Coming Soon: Movies on Demand from Time-Warner
Video-on-demand services have long been discussed, in primarily hypothetical terms, by movie fans, technophiles, and cable-industry executives and engineers. Time Warner is the first large cable operator to actually make a go of it. The service will let subscribers order movies whenever they want to see them. Where Time Warner goes, other large cable operators will follow—a wave of imitators is expected if the service has any degree of success.
Video-on-demand as it will be implemented in Tampa and Austin is the result of a marketing experiment Time Warner conducted five years ago with 4000 subscribers in Orlando, Florida, to determine the extent to which people might actually make use of interactive television. The conclusion researchers came to was that the two most desired features are movies on demand and the ordering of food—the latter, presumably, to be consumed while watching the former. Interactive games and shopping for consumer goods online were not nearly as compelling as movies and food, they found.
Without quoting a figure, Time Warner chairman Gerald Levin says he expects a "significant" number of subscribers nationwide by the year 2001. Currently about 13 million people subscribe to the company's cable service. (Now that it has acquired TCI, AT&T is the largest cable operator in the US.) Time-Warner's move to video-on-demand is no mere marketing experiment this time, Levin asserts. "This is not a trial, but a business. We know our future is in video on demand and DVD. This will be the first time we can say that it's real and cost-efficient."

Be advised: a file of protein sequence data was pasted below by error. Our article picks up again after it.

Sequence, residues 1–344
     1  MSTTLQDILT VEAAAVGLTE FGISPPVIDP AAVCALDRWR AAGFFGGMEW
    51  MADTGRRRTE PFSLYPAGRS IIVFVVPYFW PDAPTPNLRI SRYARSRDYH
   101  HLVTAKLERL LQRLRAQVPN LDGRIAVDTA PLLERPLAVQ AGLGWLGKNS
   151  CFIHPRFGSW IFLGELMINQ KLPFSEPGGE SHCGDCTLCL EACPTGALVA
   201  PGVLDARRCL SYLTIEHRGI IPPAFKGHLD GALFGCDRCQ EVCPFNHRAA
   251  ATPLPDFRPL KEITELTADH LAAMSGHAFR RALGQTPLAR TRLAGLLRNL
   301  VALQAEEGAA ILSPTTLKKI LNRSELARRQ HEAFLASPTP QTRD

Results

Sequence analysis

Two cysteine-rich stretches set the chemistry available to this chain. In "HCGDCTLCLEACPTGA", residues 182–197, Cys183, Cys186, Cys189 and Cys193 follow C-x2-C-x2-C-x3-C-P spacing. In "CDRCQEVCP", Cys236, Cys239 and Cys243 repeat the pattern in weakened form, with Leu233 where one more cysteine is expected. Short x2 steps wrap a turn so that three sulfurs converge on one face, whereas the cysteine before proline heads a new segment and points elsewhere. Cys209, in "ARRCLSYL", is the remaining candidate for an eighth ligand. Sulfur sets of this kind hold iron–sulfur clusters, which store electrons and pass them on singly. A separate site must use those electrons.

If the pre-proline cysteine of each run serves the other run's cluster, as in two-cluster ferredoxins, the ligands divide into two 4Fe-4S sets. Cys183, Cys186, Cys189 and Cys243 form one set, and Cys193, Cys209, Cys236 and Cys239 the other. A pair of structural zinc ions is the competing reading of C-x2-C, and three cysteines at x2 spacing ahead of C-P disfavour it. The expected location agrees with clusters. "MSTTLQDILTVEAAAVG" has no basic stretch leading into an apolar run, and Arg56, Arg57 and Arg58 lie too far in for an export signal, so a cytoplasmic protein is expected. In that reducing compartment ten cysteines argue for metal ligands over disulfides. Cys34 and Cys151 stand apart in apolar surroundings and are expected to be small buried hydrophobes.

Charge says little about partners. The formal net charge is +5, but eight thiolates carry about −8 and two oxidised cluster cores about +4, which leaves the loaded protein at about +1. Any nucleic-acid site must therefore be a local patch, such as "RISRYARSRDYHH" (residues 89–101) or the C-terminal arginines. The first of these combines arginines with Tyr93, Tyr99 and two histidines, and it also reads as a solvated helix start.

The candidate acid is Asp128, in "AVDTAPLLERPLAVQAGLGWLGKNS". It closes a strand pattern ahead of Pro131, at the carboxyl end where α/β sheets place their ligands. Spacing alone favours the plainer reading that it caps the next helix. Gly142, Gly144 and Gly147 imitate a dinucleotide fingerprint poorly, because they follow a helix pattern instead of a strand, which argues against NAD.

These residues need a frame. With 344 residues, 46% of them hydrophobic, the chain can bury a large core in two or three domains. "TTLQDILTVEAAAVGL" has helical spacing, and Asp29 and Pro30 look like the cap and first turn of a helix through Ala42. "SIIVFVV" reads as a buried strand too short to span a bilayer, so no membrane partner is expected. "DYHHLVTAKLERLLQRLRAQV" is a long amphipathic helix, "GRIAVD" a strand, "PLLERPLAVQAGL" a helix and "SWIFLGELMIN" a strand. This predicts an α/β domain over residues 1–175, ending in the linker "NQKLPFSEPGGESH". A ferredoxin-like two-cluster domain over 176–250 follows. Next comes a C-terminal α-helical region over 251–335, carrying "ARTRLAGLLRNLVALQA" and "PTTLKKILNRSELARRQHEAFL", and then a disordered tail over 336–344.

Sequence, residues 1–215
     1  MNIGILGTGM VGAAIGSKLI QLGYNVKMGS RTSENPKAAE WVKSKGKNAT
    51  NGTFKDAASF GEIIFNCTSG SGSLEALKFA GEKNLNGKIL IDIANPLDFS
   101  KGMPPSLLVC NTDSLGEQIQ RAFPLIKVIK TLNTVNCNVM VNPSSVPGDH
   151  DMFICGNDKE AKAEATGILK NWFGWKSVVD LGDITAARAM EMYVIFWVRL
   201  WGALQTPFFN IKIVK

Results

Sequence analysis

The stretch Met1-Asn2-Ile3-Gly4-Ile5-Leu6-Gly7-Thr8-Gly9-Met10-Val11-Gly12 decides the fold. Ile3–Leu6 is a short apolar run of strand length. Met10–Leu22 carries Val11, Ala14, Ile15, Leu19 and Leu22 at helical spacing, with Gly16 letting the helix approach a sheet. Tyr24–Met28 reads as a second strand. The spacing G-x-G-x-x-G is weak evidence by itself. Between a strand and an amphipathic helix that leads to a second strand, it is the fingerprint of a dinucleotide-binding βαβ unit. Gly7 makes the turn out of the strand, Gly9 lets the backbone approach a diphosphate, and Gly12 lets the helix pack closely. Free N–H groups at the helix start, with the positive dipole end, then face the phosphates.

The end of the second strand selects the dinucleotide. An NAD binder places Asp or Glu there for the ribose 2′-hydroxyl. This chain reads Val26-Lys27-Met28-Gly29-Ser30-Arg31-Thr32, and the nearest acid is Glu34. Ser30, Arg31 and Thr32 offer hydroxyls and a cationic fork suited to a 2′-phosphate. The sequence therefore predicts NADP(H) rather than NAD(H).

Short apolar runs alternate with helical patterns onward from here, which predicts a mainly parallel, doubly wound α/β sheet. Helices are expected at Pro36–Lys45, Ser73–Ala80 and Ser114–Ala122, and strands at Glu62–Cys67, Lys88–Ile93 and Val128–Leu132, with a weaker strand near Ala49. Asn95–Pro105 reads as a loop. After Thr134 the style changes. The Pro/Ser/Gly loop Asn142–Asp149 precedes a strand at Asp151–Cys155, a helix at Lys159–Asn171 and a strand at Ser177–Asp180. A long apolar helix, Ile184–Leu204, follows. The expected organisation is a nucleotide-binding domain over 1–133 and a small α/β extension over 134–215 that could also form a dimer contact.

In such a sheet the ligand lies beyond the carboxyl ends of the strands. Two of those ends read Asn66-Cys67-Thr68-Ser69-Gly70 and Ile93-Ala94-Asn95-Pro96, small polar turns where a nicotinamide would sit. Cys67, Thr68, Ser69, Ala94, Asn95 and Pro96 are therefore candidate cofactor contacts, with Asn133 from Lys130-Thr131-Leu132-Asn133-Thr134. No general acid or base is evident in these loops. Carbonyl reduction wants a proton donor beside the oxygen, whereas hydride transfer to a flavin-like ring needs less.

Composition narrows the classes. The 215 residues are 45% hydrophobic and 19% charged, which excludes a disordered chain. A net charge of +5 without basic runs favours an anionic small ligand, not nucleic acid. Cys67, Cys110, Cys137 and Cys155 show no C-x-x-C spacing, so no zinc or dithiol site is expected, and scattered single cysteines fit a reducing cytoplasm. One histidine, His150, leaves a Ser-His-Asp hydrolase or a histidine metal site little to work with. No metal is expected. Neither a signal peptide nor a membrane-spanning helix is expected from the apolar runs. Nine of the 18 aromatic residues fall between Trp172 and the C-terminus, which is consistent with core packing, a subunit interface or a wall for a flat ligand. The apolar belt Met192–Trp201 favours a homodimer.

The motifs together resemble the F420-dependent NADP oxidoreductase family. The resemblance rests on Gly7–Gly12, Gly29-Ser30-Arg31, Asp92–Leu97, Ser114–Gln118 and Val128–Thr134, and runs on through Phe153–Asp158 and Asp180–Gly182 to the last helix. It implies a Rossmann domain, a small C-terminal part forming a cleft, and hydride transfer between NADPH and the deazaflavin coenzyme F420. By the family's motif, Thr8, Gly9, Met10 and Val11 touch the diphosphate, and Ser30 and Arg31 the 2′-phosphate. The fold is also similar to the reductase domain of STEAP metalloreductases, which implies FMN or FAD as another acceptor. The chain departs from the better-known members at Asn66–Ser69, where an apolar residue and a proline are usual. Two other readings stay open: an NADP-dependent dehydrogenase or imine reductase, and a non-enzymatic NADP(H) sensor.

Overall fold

The announcement was made in a press conference in Atlanta, home of Time Warner subsidiary Turner Broadcasting, which has accounted for a substantial portion of the parent company's recent upturn. Time Warner reported a net income of $360 million for the third quarter, or 27 cents a share, exceeding analysts' expectations. The company showed a net loss of $37 million, or 3 cents a share, for the same period a year earlier. AT&T is a passive investor in Time Warner's cable systems, with a 25% stake. Time Warner Entertainment also owns Warner Bros. film and television operations, making the linkage of content and distribution all the easier.